The sleepy border town of Sommerton Junction is about to get a whole lot louder after the ruthless cartel kingpin Gabriel Cortez (Eduardo Noriega) escapes the custody of the FBI while being transferred to a new location and plots a course straight to Mexico right down main street Sommerton. As FBI agent Bannister (Forest Whitaker) tries everything in his power to stop Cortez from reaching the border, it soon becomes the duty of Sommerton's Sheriff, Ray Owens (Arnold Schwarzenegger), a former city cop looking for a quiet place to retire, to put a detour in his travel plans. Using the town as a virtual road block, Owens along with his deputies and other townsfolk get ready to hold their ground in a last ditch effort to stop Cortez dead in his tracks.
Developed as a vehicle to re-introduce Schwarzenegger back into the public eye, director Jee-woon Kim's new film "The Last Stand" provides the Austrian born mega star's fanbase with all the bells and whistles expected from an Arnie-style action flick. Arnold is pushing 70 years old at this point in his career and although he is still in phenomenal shape for his age, he just isn't capable of performing at the same level or with the same amount of gusto he once had but he and Kim are out to prove that there is still plenty of gas in his tank. Kim's film finds that perfect balance of giving us some classic Arnold action with the caveats that come with old age. Despite the film being little more than a retread of every action movie ever made, it succeeds at what it needed to, providing Arnold with the perfect platform to signify his return to the big screen.
What exactly are the key ingredients and core mechanics behind a successful Arnold Schwarzenegger action film? A straight forward story with little in the way of complications (romance is hardly ever a concern), plenty of action that is liberally spread throughout, an appropriately despicable villain along with a consistent and deliberate pace building up to an eventual finale where Arnold would mow down every single bad guy that gets in his way. Lastly, what would any Arnold movie be without a little tongue-in-cheek humor to balance all the excessive violence? While the results here range from dead on to mildly successful, it is essentially just a big dumb action flick and just so long as you treat it as such, you will have quite a good time with it.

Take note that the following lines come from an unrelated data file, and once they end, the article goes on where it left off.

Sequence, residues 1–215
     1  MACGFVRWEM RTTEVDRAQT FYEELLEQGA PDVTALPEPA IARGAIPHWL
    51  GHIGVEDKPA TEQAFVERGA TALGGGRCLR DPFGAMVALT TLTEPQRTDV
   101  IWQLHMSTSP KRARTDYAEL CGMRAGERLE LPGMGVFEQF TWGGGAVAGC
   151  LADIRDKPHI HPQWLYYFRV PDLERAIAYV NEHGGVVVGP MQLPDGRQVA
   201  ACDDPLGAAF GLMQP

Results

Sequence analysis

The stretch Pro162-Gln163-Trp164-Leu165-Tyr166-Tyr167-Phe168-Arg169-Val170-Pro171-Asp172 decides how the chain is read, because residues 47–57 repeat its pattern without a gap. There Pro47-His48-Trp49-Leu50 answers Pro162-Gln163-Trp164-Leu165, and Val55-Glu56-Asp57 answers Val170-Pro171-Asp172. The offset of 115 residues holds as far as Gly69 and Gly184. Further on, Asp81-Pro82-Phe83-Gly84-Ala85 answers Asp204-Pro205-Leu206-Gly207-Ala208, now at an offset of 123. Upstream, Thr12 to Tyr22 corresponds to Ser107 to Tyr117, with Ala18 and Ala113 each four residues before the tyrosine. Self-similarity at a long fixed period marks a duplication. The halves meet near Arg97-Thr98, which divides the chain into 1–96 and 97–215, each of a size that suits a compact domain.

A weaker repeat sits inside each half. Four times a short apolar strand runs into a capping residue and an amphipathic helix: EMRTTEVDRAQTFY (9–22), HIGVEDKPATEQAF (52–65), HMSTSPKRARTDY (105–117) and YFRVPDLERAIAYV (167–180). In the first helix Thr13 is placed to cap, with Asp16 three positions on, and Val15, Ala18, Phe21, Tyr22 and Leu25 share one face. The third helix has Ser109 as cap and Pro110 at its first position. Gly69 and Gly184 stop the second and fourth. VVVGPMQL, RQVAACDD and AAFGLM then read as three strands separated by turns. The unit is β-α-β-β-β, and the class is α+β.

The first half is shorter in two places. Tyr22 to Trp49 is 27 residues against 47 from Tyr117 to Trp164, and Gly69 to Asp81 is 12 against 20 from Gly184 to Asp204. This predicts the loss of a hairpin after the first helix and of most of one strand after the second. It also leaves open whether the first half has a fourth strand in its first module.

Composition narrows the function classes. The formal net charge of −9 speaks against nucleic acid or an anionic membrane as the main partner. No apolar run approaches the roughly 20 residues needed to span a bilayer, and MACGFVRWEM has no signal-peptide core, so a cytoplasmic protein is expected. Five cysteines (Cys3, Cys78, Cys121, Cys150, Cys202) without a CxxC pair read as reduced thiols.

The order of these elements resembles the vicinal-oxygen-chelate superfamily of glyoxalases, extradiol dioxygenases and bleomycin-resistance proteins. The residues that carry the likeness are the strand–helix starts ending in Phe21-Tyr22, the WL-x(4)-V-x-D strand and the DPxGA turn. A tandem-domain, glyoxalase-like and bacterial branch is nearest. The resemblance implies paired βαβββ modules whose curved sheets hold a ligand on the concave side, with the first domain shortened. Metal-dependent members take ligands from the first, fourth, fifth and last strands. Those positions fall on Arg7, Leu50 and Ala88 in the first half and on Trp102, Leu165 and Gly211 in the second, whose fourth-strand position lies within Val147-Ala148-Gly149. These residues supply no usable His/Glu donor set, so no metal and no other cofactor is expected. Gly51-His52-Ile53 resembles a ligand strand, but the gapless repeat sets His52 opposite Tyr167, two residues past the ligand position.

The biggest concern many fans likely had with Arnold's first true action film in almost a decade ("The Expendables" not withstanding), is how they would address his age. The obvious and eye rolling approach would have been to play it up with gag after gag and to borrow a line from the "Lethal Weapon" series, constantly reminding us that he is, "told old for this s**t". Thankfully nobody thought that was a good idea and instead of poking fun at it and using it as a platform to sell tired old jokes, they play Arnold's age as matter of fact and that approach pays off in the end with Arnold turning in a much more humble and down to Earth performance than most will be expecting. Don't worry, when the action kicks in he is that same old Arnold we all love, but the build up is much more methodically paced than what is the norm for the action star. The role suits him quite well and does a fantastic job of easing him back into the action in a surprisingly believable way.
That is quite possibly the best aspect to the entire film, its slow build. We don't actually see Arnie gun down his first bad guy until at least half way into the film, which for any non-Arnie fans out there is a lifetime. Kim knows that everyone came out to see Arnie kick some good ole fashioned a** and teases that prospect beautifully. It's your typical western premise with the Sheriff having a weekend off expecting a quiet next couple of days for his small town (there's even an old fashioned shoot out at the center of town between Arnold and the bad guys!). His handful of deputies are a mixed bag of cliche's as well with the experienced deputy (Luiz Guzman), inexperienced deputy (Jamie Alexander) and naive but optimistic deputy (Zach Gilford). There is even the pompous a** mayor with the nice new car (wonder if anything is gonna happen to it?), the stubborn old farmer (Harry Dean Stanton) who always delivers his milk on time, the crazy loner gun freak (Johnny Knoxville) whose abnormal love of antique weaponry might come in handy some day and of course the guy (Rodrigo Santoro) locked up in jail over the weekend to cool down.